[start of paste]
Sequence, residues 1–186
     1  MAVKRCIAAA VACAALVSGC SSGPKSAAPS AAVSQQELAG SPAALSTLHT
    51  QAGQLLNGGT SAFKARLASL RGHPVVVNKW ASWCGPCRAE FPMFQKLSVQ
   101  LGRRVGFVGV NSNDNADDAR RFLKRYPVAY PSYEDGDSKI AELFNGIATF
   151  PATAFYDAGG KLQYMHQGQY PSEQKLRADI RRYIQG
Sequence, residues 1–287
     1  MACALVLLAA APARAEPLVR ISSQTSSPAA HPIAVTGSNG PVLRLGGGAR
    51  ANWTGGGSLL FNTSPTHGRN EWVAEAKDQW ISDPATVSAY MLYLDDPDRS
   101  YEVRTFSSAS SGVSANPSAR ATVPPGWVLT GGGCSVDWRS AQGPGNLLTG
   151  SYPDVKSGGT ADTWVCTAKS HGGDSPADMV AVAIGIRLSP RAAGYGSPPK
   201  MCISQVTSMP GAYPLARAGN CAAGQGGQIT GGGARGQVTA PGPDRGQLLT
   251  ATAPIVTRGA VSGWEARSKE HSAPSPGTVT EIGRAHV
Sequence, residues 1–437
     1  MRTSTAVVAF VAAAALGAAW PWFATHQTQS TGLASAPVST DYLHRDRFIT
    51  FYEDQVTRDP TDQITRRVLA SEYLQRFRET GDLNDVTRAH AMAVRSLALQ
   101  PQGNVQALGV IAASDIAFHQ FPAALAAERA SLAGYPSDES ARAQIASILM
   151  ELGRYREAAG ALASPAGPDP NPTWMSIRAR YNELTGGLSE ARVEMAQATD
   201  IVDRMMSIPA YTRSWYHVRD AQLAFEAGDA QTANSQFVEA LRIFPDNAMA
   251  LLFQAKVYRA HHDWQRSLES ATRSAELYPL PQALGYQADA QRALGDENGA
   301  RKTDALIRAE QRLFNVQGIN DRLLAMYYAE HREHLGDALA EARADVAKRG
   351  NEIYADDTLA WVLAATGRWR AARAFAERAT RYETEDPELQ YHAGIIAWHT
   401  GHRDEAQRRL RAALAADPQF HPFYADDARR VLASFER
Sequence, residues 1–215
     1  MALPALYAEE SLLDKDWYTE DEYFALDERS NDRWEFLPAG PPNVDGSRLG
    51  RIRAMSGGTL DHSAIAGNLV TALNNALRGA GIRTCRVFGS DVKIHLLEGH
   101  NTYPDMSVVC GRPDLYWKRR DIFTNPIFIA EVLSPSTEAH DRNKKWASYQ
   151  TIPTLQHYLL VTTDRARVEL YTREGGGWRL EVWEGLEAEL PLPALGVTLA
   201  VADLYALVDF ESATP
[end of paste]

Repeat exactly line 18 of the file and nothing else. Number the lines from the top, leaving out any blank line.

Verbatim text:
   201  IVDRMMSIPA YTRSWYHVRD AQLAFEAGDA QTANSQFVEA LRIFPDNAMA